Although the use of a pacifier can be beneficial to a baby’s health in certain respects, parents may want to monitor the use of sucking objects when the child grows older to protect dental health. Some guidelines and care for pacifiers is included in this article, as well as giving parents an awareness of the oral health risks associated with them.
The American Academy of Family Physicians reports that pacifiers are used by up to 85 per cent of American babies, and may be beneficial during the first six months of life. Sucking is normal, natural behaviour for babies. This is how they receive all of their nutrition in the first months of life. Some babies will even begin sucking on their fingers or thumb in the womb. Babies will also suck for other reasons. It is a soothing behaviour that can help them relax and sometimes even put them to sleep.
Studies have also shown a benefit from pacifier use in the development of jaw muscles, as well as possible decreased risk of sudden infant death syndrome, and relieving pain from minor procedures (like vaccinations), but the downside is that they may expose babies to alarmingly high levels of dangerous bacteria.
Risks and dangers of continual pacifier use
Pacifier use is generally safe and effective in its job for the first two years of life but problems can arise with continued pacifier use after the age of two, which can endanger the child’s oral health going forward. Some of the dangers associated with continued pacifier use include:
- Risk of middle ear infections – This is due to the change in pressure equilibrium inside the ear caused by constant sucking.
- Improper growth or development of the mouth
- Misalignment of teeth (displaced teeth, overbites, cross bites and open bites).
- Increased risk of tooth decay
- Germ ingestion
- Sleep disruption – When infants grow used to having the pacifier in their mouth while sleeping, they can’t sleep without it.
- Thumb-sucking habit
- Mouth sores – Aggressive sucking may cause sores or ulcers to develop.
Best way to sanitise and care for pacifiers
Parents wouldn’t eat with a dirty fork, but they often think nothing of picking up a pacifier up off the floor at a mall and popping it back in their baby’s mouth, or putting it into their own mouths to clean it before giving it to their child. It is important for parents to realise pacifiers are easily contaminated and to do their very best job of keeping them clean in order to protect their baby’s health.
The shape and materials of pacifiers make them susceptible to bacterial organisms, including staphylococcus, which causes staph infections. If you choose to use pacifiers, there are easy ways to protect your baby’s health. The researchers advise the following precautions:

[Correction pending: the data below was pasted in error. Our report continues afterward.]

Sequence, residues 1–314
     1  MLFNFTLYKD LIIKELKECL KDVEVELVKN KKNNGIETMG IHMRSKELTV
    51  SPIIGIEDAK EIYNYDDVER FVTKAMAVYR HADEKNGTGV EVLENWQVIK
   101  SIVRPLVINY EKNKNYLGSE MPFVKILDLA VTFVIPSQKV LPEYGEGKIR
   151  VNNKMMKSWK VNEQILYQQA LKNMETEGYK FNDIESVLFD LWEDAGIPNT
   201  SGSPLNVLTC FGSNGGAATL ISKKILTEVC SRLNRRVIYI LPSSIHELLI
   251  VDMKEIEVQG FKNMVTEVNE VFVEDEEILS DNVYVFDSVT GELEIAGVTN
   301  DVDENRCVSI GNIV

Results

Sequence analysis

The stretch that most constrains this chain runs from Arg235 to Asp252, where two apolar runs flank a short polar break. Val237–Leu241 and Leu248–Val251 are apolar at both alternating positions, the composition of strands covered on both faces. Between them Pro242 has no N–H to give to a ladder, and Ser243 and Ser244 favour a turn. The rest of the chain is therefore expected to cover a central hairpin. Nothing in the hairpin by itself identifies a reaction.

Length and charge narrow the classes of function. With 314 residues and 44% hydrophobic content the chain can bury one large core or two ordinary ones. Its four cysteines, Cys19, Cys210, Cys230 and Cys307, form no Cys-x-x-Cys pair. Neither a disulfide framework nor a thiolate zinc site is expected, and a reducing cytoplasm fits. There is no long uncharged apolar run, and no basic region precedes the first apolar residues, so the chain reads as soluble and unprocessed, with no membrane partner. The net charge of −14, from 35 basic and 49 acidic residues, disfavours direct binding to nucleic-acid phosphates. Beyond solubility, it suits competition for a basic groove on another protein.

- Always wash a new pacifier prior to use.
- Any time a pacifier pops out of a baby’s mouth, it should be cleaned, no matter where it lands.
- Wash pacifiers with mild soap and water, then air dry. Make sure to remove all excess water from the nipple, where it can collect and cause bacterial growth.
- Also replace your baby’s pacifiers after an illness, to avoid re-infection.
- Check frequently for cracks, discoloration or tears in the pacifiers’ rubber. If damaged, discard or replace.
- Never tie the pacifier around your infant’s neck.
Taking the pacifier away sooner than later
To break the pacifier habit, taking the pacifier away sooner than later is the most effective strategy. If your child is under two years old, you probably have nothing to worry about but you should start trying to wean a child who is still sucking after his/her second birthday.
Remember that for many infants, weaning off the pacifier can be very difficult. Some kids are not only physically attached to the pacifier but emotionally attached as well. In most cases, children naturally relinquish the pacifier or thumb over time. As children grow, they develop new ways to self-soothe, relax and entertain themselves.
If your child is old enough to understand, your dentist can help explain the reasons for discontinuing the sucking behaviour to your child.
When to schedule your child’s first appointment
When taking a child to the dentist for the first time, parents should follow the “Rules of Ones” or “first visit by first birthday.” Children should see the dentist by the time they get their first tooth or reach their first birthday. That may sound too early, but it’s not. Your child’s first dental visit will probably be short – it’s just a chance for the child to get to know the dentist and the dentist’s office, and also a great opportunity for your dentist to count teeth, check bite, gums and other parts of the mouth to make sure everything is healthy.
Even if you take excellent care of your child’s teeth, cavities can still happen. The first dental visit is also a great time to ask any questions you might have about dental care for your little one’s baby teeth, and ways to prevent cavities, as well as to make sure you are doing everything right with your child’s oral hygiene routine. Setting up your child’s first dental visit is a step in the right direction, and every little baby step you take from there will prepare your child for a healthy dental future.